A scientific visionary, Sir Arthur C. Clarke explored futuristic ideas through his books and essays. He believed in the magic of life and imagined a world with space travel and mobile phones at a time when they were considered to be laughable suggestions by most people. However, over the course of his life, he saw many of his fanciful notions take physical shape and form. He is best remembered for co-writing the film 2001: A Space Odyssey.
An iconic figure in the anti-colonialism movement, Haile Selassie fought for the independence of Ethiopia during the Italian invasion of 1935. As an emperor, he strengthened his country by developing the education system and police framework, and led the resistance against Italy while in exile for 5 years. Once reinstated, he established a country with equal rights for all citizens at a time when most Africans were being subjected to colonial rule.
Co-founder of Snapchat, a worldwide sensation, Evan Spiegel and his team have heavily influenced the way we interact through social media. The 25-year-old entrepreneur has created a $16 billion company in 4 years, dropping out of university to attend to the growing demand of the mobile app.
l. M. Pei, or leoh Ming Pei, was born in China and later naturalised to the United States of America and is internationally revered as the master of modern architecture. His minimalist designs feature strong geometric shapes and include structures such as Le Grand Louvre in Paris and, more recently, The Museum of Islamic Art in Doha, Qatar. A Harvard graduate, Pei’s distinctive style is reflected in all of his designs as he seamlessly integrates modernism and culture to give shape to innovative monuments.
Alexander Pushkin set the stage for literary legends such as Fyodor Dostoyevsky and Ayn Rand, and is rightfully considered to be the father of Russian literature. A poet and activist of social reform, Pushkin wrote about freedom and the abolition of serfdom under Tsar Nicholas I. Although he didn’t live to witness a change in Russia’s social landscape, his legacy lives on through his poetry and fairytales.
A pioneer of abstract expressionism, Clyfford Still left the art scene at the height of his career, retiring from fame and money for the sake of his art. Throughout his work you’ll find motifs representing the concepts of life. His style offers a unique glimpse of the Abstract Expressionism Movement, which varies from that of his contemporaries, while maintaining an emphasis on form.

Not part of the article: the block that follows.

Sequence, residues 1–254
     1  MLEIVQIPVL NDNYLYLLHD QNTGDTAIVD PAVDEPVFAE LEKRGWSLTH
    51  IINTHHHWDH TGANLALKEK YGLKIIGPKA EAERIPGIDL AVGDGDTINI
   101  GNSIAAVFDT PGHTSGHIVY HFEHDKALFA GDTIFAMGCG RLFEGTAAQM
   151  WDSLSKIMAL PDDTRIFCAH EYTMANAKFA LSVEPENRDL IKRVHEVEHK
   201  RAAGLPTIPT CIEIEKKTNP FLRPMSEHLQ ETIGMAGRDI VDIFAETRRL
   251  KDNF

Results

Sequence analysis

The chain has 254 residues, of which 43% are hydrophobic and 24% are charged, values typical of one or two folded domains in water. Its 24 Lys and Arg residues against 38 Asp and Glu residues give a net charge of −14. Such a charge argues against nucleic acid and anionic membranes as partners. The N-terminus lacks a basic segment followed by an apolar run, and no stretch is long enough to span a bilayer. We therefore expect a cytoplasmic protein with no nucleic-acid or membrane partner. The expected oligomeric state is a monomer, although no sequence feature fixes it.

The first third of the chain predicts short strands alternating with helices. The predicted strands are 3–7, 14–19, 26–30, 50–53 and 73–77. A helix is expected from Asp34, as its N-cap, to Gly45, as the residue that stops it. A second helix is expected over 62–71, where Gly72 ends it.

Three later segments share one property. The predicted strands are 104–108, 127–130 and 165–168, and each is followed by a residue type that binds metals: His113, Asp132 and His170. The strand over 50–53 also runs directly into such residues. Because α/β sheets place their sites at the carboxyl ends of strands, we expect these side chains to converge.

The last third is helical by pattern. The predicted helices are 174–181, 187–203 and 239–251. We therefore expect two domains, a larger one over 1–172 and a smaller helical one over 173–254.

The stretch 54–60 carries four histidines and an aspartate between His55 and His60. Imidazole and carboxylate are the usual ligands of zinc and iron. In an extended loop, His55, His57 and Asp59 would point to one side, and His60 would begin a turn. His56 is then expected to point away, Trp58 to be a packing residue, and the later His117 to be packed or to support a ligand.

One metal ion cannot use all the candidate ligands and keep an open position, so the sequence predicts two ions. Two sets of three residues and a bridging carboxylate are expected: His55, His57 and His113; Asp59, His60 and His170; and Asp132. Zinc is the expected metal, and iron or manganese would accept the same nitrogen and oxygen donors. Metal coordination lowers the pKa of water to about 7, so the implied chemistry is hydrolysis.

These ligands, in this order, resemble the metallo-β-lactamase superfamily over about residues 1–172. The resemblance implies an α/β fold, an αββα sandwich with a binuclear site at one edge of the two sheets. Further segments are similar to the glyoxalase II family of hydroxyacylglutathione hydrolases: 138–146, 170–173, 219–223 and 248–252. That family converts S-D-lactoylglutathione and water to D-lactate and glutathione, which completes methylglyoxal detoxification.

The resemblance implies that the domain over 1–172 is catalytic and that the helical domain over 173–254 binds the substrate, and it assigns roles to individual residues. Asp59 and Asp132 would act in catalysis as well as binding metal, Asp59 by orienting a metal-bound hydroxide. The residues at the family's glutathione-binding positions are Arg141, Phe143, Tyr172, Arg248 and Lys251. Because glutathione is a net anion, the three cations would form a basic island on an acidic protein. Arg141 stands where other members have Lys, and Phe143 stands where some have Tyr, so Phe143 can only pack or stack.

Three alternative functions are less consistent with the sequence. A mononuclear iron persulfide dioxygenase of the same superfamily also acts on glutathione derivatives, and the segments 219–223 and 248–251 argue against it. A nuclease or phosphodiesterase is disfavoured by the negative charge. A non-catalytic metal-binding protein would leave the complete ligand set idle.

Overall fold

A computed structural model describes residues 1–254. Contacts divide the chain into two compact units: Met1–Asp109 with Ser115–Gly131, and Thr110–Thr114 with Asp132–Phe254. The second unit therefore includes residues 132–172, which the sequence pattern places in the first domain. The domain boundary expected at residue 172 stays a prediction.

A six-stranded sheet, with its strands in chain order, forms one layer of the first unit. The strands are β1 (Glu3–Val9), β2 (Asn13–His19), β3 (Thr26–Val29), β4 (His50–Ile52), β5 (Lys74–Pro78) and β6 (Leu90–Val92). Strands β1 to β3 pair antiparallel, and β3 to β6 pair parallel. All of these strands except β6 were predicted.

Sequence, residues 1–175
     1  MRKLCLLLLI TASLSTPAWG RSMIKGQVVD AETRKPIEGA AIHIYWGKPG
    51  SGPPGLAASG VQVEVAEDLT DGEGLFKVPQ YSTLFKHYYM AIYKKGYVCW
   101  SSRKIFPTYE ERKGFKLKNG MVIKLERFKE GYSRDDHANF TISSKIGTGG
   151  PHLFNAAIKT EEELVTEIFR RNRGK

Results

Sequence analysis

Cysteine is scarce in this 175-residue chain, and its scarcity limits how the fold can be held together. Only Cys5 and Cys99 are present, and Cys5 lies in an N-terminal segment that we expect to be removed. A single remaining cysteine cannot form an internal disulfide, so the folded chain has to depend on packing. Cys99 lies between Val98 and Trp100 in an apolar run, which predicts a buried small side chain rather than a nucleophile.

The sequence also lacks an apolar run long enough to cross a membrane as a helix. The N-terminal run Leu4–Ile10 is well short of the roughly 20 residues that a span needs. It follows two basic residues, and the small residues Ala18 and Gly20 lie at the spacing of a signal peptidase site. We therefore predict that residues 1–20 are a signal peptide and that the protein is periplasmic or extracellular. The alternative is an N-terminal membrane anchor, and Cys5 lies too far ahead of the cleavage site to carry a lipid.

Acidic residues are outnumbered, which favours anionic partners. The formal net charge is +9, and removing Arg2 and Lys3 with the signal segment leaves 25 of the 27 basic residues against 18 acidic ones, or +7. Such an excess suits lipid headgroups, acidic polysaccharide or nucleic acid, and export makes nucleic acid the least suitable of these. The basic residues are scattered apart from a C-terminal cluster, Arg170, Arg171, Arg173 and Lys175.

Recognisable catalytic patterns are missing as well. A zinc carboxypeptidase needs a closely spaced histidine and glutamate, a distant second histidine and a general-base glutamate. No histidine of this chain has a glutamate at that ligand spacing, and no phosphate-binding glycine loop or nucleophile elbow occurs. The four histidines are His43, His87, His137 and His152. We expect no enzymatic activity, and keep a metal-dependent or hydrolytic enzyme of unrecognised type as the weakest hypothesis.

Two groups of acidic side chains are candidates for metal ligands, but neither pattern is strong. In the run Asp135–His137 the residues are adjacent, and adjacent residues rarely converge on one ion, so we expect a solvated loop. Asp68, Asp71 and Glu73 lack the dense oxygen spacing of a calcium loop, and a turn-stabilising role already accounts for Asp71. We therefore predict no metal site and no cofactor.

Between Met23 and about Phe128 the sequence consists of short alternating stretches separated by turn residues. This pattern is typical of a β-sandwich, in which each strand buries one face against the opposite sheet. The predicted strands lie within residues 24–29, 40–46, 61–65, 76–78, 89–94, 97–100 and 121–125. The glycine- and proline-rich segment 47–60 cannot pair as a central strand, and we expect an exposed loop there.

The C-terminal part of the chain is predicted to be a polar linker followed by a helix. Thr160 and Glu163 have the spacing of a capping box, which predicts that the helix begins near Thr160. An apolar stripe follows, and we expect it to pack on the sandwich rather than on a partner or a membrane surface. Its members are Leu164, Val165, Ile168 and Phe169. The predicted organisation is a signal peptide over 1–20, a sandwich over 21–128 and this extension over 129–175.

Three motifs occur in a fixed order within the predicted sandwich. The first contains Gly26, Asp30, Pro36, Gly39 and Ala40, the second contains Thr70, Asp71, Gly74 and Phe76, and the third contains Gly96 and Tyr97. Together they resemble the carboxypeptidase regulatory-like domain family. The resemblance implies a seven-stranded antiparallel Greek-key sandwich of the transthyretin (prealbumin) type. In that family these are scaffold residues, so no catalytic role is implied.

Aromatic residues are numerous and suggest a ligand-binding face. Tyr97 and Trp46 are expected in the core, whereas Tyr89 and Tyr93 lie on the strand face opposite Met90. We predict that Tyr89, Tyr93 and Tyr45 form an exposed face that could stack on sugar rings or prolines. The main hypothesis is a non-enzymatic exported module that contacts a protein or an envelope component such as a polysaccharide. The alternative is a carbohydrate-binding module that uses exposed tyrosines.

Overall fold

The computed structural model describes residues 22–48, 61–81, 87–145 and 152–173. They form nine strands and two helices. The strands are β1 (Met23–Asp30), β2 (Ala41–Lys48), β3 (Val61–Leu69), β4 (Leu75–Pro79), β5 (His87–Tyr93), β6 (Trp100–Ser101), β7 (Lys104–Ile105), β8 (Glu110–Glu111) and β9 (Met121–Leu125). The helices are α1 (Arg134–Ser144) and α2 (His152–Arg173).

Father of public relations and nephew to Sigmund Freud, Edward Bernays changed the way we understand mass communication. His insight into the values that drive consumer behaviour created a shift in the way brands positioned their products. This has impacted the way advertisers market their wares and the way we engage with brands and companies—a quality that defines our consumer-driven economy.
Sanjit Bunker Roy initiated The Barefoot Movement after journeying to a village in India and witnessing severe poverty. He returned to build the first Barefoot College, which taught locals the skills they needed to earn a living using natural resources such as solar energy and recycled materials. He also built schools to fortify the education system. The Barefoot Movement has spread throughout villages in the north of India, Afghanistan and even to some parts of Africa.
A photojournalist whose volume of work covers themes ranging from war and jazz to urban life in the ’50s, Smith was an influential figure as far as the art scene of the 20th century is concerned. His bold—and often shocking—black and white images were essentially photo essays that conveyed the totality of his subjects. His strong code of ethics fortified the value of his work and pushed him to expose wrongdoing.
Tim Berners-Lee, the man who created the World Wide Web, provided us with the ability to use the internet to discover and share information. A physicist by trade, his understanding of computer technology enabled him to create a platform that gave birth to a quantum leap in communication, radically altering our relationship with information and technology.
Written By : Emma Grewal